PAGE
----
This group is part of the Advanced Fibre Technologies & Applications Group
In recent years, two new types of optical fibre have revolutionised this dynamic field, bringing with them a wide range of novel optical properties. These new fibres, known collectively as microstructured fibres, can be made entirely from one type of glass as they do not rely on dopants for guidance. Instead, the cladding region is peppered with many small air holes, that run the entire fibre length.
These fibres are typically separated into two classes, defined by the way in which they guide light:
Light is guided in a hollow core surrounded by a periodic honeycomb lattice which confines the light via photonic band-gap effects.Find out more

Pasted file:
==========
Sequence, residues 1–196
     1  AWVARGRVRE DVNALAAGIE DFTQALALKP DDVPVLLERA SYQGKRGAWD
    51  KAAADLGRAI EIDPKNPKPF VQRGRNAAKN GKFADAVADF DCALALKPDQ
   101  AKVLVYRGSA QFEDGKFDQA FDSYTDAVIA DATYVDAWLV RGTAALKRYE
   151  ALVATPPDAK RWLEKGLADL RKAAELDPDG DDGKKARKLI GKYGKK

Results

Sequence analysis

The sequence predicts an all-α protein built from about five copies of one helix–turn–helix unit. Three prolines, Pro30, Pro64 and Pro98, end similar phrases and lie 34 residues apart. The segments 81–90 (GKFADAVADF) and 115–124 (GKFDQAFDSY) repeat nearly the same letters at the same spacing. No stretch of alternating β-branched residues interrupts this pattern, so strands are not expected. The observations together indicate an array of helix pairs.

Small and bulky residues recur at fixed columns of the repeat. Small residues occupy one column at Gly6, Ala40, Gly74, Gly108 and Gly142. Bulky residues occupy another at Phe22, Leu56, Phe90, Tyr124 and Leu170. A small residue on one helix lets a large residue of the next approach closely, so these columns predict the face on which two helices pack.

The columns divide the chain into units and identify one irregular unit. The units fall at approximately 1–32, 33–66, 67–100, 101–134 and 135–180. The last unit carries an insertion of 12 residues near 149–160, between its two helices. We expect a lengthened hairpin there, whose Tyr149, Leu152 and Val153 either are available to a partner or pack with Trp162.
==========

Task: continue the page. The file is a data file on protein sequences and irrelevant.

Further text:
The core is surrounded by a cladding of membranes of a specific thickness, for which certain wavelengths will be reflected. The cladding has many geometric varieties, the most exciting of which is a series of thin walled tubes surrounding the core.Find out more
A Nested Anti-Resonant Nodeless Fibre (NANF) with record low loss of 1.3 dB/km made in 2018, credit Reza Sandoghchi.Find out more
Within the group we have the full range of expertise required to design, fabricate and characterise both forms of microstructured fibre, both in silica and in compound glass. We also run a large number of end application projects both in close collaboration with a range of other ORC groups, and with other external academic and industrial partners.
Visit our website to find out more: https://hcf.soton.ac.uk
See here for a full list of our publications.